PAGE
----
In no particular order:
- Brown or Raw Sugar
- Salt (Kosher or Seasoned)
- Dry Mustard Powder
- Paprika (Sweet, Smoked, Hot)
- Black Pepper
- Ground Chile Peppers (Cayenne, Pequin, Chipotle)
After rinsing the meat under cold water and patting it dry with paper towells; I rubbed the meat down with a solid coat of dry rub and left them covered in the fridge all night.
While the fat-soluable chile powders soaked into the meat I poured three quarters of a bottle of Everclear into a large mason jar and threw eight black tea bags into the jar. After an hour I strained the dark-brown concentrate back into the original Everclear bottle.
The next day mixed 1 part Black Tea Everclear with 4 parts good Lemonade over lots of ice. It was a taste sensation. I should know; I drank four of them that day.
So, 10 in the morning the day of the party I start a football-size pile of charcoal in one corner of my grill. After about an hour (once the coals had burned down to gray) I topped them with two cups of soaked mesquite chips and let them burn down until they produced white smoke.
I placed a pan of water next to them and set the briskets over the water and as far away from the heat as possible, covering with both vents oven and the top vent over the meat.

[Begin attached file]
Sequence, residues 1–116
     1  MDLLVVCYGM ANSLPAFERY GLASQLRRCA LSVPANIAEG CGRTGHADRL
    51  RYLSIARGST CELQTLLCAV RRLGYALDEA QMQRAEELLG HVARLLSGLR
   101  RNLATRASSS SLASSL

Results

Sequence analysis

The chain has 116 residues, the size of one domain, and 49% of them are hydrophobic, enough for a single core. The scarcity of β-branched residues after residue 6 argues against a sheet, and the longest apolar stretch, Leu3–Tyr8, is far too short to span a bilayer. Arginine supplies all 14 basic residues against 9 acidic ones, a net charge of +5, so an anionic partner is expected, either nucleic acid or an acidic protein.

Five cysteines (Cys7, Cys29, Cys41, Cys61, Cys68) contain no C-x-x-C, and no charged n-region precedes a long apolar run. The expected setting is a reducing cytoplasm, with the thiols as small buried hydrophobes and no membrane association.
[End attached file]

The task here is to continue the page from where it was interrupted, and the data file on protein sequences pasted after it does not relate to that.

I pretty much followed the Saveur recipe as it’s written for the rest of the afternoon, substituting my own judgement for the temps in the grill and the meat. I recommend you get a good digital thermometer for your first attempt at any barbecuing. You might not be as lucky as I was and end up with, at best, something resembling jerky.
In order to pad people’s stomachs I made a bunch of sides. A homemade barbecue sauce to be added only as a condiment for cooked meat. In the Central Texas style, it was a vinegar and ketchup-based sauce with Dr. Pepper for a touch of sweetness. I made a pot of vegetarian pinto beans disguised as chili. I braised and pulled apart a bunch of chicken thighs in a sauce made mostly of reconstituted, pureed chipotle chiles, garlic and chicken stock.
For the brisket I put out the classic sides of Bimbo white bread and saltine crackers (I think I was too drunk to open the sweet pickle jar at this point). Close to the end of the first quarter; I pulled the foil-wrapped briskets off the cold grill they had been resting on for the last hour.
When I took my first slice (AGAINST THE GRAIN!) I had a moment of panic, as it appeared a little dry to me. As I continued slicing away, the grayish end closest to the heat gave way to perfect, pink-ringed slices of juicy smoked meat.
It was unbelievable. People devoured it. I threw a few choice (read: gristly and fatty) pieces in a white bread taco and switched to beer for the remainder of the game. I ended up not really getting to pig out on it until I finished the leftovers the following day; this time with all the proper accouterments.
I can’t describe how good it was. I don’t think I’ve ever tasted barbecue brisket this good outside of Texas, and yet I did it with minimal experience and tools and a head full of pure grain alchohol. You could do it too. Heck, you don’t even have to be watching a Cowboys game.
Take it through the fire; for a chance to brisket all. You’ll be happy you did.